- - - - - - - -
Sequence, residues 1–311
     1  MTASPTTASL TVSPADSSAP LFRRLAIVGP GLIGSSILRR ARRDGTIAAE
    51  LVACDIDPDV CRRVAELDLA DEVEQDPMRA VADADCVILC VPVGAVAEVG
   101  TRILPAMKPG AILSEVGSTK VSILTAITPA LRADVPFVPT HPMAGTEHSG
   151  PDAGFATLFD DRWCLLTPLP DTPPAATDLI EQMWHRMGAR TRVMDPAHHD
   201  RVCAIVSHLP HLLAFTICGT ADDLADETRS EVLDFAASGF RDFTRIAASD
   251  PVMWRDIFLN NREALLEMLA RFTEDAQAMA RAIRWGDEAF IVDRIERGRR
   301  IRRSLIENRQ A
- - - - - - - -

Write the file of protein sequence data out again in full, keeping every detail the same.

Sequence, residues 1–311
     1  MTASPTTASL TVSPADSSAP LFRRLAIVGP GLIGSSILRR ARRDGTIAAE
    51  LVACDIDPDV CRRVAELDLA DEVEQDPMRA VADADCVILC VPVGAVAEVG
   101  TRILPAMKPG AILSEVGSTK VSILTAITPA LRADVPFVPT HPMAGTEHSG
   151  PDAGFATLFD DRWCLLTPLP DTPPAATDLI EQMWHRMGAR TRVMDPAHHD
   201  RVCAIVSHLP HLLAFTICGT ADDLADETRS EVLDFAASGF RDFTRIAASD
   251  PVMWRDIFLN NREALLEMLA RFTEDAQAMA RAIRWGDEAF IVDRIERGRR
   301  IRRSLIENRQ A